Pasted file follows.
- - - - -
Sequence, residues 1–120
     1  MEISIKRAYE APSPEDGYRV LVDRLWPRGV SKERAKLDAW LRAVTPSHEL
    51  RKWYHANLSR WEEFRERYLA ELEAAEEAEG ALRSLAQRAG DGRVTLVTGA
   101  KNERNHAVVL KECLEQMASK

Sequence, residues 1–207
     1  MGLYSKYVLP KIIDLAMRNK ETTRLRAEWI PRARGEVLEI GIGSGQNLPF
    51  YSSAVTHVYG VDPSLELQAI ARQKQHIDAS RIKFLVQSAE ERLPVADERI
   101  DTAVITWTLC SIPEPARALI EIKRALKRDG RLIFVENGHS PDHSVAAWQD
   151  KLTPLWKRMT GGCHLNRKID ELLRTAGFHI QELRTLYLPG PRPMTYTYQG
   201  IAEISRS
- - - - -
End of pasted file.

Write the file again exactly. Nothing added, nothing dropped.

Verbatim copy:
Sequence, residues 1–120
     1  MEISIKRAYE APSPEDGYRV LVDRLWPRGV SKERAKLDAW LRAVTPSHEL
    51  RKWYHANLSR WEEFRERYLA ELEAAEEAEG ALRSLAQRAG DGRVTLVTGA
   101  KNERNHAVVL KECLEQMASK

Sequence, residues 1–207
     1  MGLYSKYVLP KIIDLAMRNK ETTRLRAEWI PRARGEVLEI GIGSGQNLPF
    51  YSSAVTHVYG VDPSLELQAI ARQKQHIDAS RIKFLVQSAE ERLPVADERI
   101  DTAVITWTLC SIPEPARALI EIKRALKRDG RLIFVENGHS PDHSVAAWQD
   151  KLTPLWKRMT GGCHLNRKID ELLRTAGFHI QELRTLYLPG PRPMTYTYQG
   201  IAEISRS